Another bid at ACA stabilization – and likely another failure

Joanne Kenen

About Joanne Kenen

Joanne Kenen, (@JoanneKenen) the health editor at Politico, is AHCJ’s topic leader on health reform and curates related material at She welcomes questions and suggestions on health reform resources and tip sheets at Follow her on Facebook.

Photo by Sean Stayte via flickr

Lamar Alexander and Patty Murray are circulating a new “ACA stabilization” plan that in some ways is more ambitious than past efforts and takes into account the repeal of the individual mandate penalty. The senators are trying to get it into the omnibus spending bill Congress wants to pass by March 23.

But success is not very likely at this point. It’s not impossible given all the horse-trading that has to happen to get a huge omnibus spending bill passed, and Alexander, in particular, is persisting. But it definitely is a long shot. Continue reading

On the health beat, public records can be a lifeline

Michael Morisy

About Michael Morisy

Michael Morisy is the founder of MuckRock, a non-profit that works for a more informed democracy. He was previously an editor at the Boston Globe and contributed to the New York Daily News' Pulitzer Prize-winning series on the deadly health conditions of Ground Zero workers.

In honor of Sunshine Week, AHCJ invited organizations devoted to government transparency to write about how their work can help health care reporters. Here is the last of four.

MuckRock, a nonprofit that assists journalists, newsrooms, and others requesting public information, has helped thousands of reporters file public records requests all across America, digging out information from federal agencies and local inspection boards alike.

Time and again, public records break essential stories and shine light on dangerous lapses — but only if someone knows to ask.

Here are some tips on using freedom of information laws to get great stories while juggling everything else you need to get done. Continue reading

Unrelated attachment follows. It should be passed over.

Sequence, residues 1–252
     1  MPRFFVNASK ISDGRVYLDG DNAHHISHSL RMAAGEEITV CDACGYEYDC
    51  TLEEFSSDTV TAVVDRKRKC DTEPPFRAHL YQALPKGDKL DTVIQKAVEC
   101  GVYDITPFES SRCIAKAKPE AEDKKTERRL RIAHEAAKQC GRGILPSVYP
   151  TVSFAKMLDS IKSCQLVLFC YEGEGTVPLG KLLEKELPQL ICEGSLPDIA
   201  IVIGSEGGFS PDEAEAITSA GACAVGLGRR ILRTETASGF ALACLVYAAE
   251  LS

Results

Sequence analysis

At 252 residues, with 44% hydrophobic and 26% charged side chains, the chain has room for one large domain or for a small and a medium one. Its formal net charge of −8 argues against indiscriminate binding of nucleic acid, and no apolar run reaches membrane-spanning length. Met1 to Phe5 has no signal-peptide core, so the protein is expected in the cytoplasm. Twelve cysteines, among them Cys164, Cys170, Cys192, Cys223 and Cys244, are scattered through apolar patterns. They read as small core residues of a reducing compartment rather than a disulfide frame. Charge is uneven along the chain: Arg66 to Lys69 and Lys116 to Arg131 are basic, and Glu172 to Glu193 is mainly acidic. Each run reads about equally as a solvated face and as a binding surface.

Opioids the topic of daylong training for D.C. journalists

Kimberly Leonard

About Kimberly Leonard

Kimberly Leonard (@leonardkl) is a member of AHCJ’s Right to Know Committee and co-chair of the Washington, D.C., chapter. She covers Congress, the White House, and the Department of Health and Human Services as a health care reporter for the Washington Examiner.

Photo: Ryan Basen Baltimore Health Commissioner Leana Wen, right, helps demonstrate how naloxone is administered.

Health journalists in Washington, D.C., participated in an all-day training session about reporting on the opioid crisis, hearing from treatment experts, medical providers and public health advocates.

The event took place Feb. 23 at the University of Maryland’s Philip Merrill College of Journalism, and was a partnership between the D.C. chapter of the Association of Health Care Journalists and the National Press Foundation. Continue reading

New tools aim to help journalists track removal of information from federal websites

Rachel Bergman

About Rachel Bergman

Rachel Bergman is co-founder and director of programs of the Sunlight Foundation's Web Integrity Project where she leads the research and monitoring of federal agency websites.

In honor of Sunshine Week, AHCJ invited organizations devoted to government transparency to write about how their work can help health care reporters. Here is the third of four.

Government websites are changing the information they supply related to topics such as sexual orientation and women’s health, and the Web Integrity Project (WIP) at The Sunlight Foundation, a national nonprofit organization based in Washington, D.C., has been on a mission to track those changes. Continue reading

AHCJ updates searchable hospital inspection data

Jeff Porter

About Jeff Porter

Jeff Porter is the special projects director for AHCJ and plays a lead role in planning conferences, workshops and other training events. He also leads the organization's data collection and data instruction efforts.

The Association of Health Care Journalists just updated its website. The site now has 27,985 records of hospital inspection results, covering from January 2011 well into December 2017. Most of the records show details of each deficiency found in hospitals.

Continue reading